How Washington Schools Are Using Their Emergency Relief Funding

Four school children sit in a row.

If there’s one thing that rings true about emergency relief funding, it’s that it has proven essential to Washington schools’ strategies for supporting students, families, and educators through the COVID-19 pandemic and its aftermath.

The Elementary and Secondary School Emergency Relief (ESSER) fund, first established by Congress in March 2020, is intended to support state and local education agencies in responding to the impacts of the pandemic. Congress earmarked a total of more than $2.5 trillion for the ESSER fund over the course of three funding rounds; Washington was awarded a total of $2.6 billion.

ESSER funding can be used for a variety of purposes, including, but not limited to, summer learning and afterschool learning programs, purchasing educational technology, sanitation training and purchasing sanitation supplies, and providing meals to students. The three rounds of ESSER funding have different deadlines for when funds must be spent, and school districts are spending the funds on time for all dollars to be used up by the final deadline in September 2024.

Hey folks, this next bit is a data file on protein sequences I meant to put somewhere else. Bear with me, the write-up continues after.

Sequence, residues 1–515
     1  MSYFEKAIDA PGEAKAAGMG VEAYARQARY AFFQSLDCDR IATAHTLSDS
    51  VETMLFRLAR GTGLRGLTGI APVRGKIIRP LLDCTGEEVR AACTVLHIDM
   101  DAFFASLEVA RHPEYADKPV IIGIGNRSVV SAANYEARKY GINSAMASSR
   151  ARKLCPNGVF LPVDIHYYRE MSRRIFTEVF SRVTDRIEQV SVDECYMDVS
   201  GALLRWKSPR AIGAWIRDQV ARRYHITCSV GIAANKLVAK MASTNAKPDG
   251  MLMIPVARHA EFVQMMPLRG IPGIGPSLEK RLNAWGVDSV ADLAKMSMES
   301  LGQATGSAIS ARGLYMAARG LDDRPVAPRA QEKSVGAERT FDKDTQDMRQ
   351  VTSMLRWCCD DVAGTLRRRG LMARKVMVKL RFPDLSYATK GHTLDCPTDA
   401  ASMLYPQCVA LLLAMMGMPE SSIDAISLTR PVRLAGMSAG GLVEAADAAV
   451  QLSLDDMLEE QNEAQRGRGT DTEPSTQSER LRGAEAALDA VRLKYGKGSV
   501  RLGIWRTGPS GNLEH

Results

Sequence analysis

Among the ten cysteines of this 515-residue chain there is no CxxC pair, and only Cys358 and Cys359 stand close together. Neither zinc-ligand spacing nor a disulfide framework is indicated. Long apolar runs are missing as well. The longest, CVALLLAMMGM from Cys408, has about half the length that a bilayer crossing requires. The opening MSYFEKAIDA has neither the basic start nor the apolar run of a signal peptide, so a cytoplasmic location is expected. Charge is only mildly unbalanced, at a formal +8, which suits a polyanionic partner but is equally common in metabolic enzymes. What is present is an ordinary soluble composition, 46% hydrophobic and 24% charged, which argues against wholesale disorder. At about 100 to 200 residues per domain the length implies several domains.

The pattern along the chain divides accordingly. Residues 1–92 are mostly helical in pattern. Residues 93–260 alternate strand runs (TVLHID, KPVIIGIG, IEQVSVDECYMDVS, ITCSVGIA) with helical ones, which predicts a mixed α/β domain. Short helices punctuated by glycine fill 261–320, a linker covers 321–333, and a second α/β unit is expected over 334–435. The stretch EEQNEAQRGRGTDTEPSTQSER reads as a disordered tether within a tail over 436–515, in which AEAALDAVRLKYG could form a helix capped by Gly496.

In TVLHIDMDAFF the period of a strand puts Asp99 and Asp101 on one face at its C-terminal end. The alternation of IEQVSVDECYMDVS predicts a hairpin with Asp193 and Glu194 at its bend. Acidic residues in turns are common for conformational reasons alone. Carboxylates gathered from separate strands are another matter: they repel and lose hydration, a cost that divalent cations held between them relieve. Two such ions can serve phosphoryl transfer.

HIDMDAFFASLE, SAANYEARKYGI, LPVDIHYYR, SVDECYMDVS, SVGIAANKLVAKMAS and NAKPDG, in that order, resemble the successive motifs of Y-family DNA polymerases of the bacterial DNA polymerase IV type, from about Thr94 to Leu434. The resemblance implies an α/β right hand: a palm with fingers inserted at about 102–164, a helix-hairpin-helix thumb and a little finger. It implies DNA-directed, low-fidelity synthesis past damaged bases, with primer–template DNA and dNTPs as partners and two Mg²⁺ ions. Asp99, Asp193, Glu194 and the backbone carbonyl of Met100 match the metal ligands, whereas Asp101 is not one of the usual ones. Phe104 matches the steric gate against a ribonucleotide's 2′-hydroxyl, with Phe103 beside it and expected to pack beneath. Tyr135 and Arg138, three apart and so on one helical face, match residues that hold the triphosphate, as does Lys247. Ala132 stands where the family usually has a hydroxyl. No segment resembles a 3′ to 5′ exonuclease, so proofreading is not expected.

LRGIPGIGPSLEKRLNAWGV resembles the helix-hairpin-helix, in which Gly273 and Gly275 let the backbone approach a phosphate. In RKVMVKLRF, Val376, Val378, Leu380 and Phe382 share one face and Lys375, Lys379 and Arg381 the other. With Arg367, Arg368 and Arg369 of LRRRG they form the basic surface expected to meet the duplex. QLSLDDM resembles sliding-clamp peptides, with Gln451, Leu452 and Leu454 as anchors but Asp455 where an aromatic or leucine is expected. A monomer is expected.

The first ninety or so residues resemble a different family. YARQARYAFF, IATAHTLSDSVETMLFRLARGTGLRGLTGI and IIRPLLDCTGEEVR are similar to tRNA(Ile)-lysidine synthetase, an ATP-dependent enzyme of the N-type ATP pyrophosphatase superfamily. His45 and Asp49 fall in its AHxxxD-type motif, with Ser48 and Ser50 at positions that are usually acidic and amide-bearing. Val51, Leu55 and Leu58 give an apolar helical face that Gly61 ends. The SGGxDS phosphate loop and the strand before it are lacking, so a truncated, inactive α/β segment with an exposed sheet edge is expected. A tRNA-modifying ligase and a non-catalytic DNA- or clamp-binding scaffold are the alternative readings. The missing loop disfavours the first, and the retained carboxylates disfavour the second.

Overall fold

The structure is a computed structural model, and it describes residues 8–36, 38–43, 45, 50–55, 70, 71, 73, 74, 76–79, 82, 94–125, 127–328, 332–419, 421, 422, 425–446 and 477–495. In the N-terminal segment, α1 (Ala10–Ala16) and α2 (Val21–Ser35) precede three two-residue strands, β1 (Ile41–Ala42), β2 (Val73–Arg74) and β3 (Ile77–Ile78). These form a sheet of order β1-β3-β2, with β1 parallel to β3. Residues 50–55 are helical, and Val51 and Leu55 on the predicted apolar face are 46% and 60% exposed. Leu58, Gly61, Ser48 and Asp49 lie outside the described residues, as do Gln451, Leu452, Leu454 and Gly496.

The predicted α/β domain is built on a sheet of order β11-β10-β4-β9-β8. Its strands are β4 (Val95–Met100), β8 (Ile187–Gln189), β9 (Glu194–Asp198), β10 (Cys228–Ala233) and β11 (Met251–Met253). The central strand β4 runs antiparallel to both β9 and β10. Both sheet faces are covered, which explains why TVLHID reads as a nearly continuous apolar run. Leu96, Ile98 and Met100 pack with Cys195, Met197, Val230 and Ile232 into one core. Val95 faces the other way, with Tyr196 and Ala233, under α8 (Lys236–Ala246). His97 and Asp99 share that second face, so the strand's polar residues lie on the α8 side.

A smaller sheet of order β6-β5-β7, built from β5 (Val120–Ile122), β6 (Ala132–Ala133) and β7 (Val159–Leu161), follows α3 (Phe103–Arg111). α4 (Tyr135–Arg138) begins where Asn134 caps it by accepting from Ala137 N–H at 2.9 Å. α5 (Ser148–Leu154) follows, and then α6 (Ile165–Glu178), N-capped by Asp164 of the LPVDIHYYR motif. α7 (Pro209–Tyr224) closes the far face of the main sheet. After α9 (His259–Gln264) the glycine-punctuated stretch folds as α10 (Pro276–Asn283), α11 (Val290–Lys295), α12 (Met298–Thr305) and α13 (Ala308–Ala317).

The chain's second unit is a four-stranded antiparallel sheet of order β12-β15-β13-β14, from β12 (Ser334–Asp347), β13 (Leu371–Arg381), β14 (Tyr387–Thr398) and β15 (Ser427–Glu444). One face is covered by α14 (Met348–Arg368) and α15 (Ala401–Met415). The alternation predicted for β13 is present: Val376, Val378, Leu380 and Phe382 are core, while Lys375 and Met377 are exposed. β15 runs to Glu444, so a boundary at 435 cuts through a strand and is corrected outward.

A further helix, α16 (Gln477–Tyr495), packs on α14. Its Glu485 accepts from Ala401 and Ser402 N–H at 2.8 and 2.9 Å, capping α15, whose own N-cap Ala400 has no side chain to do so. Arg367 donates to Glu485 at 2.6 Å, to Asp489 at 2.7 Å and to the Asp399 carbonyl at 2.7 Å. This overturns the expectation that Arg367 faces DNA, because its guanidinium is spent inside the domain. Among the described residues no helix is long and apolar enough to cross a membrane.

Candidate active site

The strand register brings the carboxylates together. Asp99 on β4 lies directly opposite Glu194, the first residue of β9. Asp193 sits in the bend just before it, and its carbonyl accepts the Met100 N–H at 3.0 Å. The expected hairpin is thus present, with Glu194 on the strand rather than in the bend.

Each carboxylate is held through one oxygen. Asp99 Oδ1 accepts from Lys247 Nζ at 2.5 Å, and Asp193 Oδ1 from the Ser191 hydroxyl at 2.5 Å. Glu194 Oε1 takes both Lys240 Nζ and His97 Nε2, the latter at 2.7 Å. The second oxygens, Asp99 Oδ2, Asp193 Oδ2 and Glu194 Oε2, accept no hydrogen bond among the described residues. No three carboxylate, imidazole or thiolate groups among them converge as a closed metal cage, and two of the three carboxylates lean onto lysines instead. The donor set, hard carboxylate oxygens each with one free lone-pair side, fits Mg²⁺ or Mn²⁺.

Below, the Office of Superintendent of Public Instruction (OSPI) details how four school districts across Washington have been using their ESSER funding.

Eastern and Central Washington

Pasco School District

  • Location: Pasco and unincorporated Franklin County
  • 2021–22 enrollment: 18,749 students
  • ESSER funds awarded: $57.2 million

In the early days of the pandemic, the Pasco School District focused on meeting the most basic needs of its students and families first. Superintendent Michelle Whitney said ESSER funds first went toward making sure students and families had food and internet access.

Once those basic needs — including maintaining staff levels — were covered, the school district shifted its focus to students’ mental health needs and academics. Pasco started a partnership with Hazel Health to provide free mental health services to students; after launching in April, nearly 400 students sought services in the span of just six weeks.

Assistant Superintendent Mira Gobel said approximately 80% of students participated in counseling virtually from their homes. It’s good for parents and families to be exposed to counseling, she added.

“We want to normalize that mental health is a thing, [that] it’s okay to get help,” Gobel said.

To address students’ academic needs, the school district ramped up its virtual learning offerings. Pasco’s Digital Learning Academy has four options for virtual learning, with varying amounts of synchronous and asynchronous instruction. With the support of ESSER funding, the school district was able to purchase a building to house the growing learning academy.

“They’ll have the technology for teachers to have their meetings and classrooms virtually and spaces for students to come in when they need it,” said Kevin Hebdon, Executive Director of Fiscal Services.

Whitney said that none of these innovations would have been possible without ESSER funding.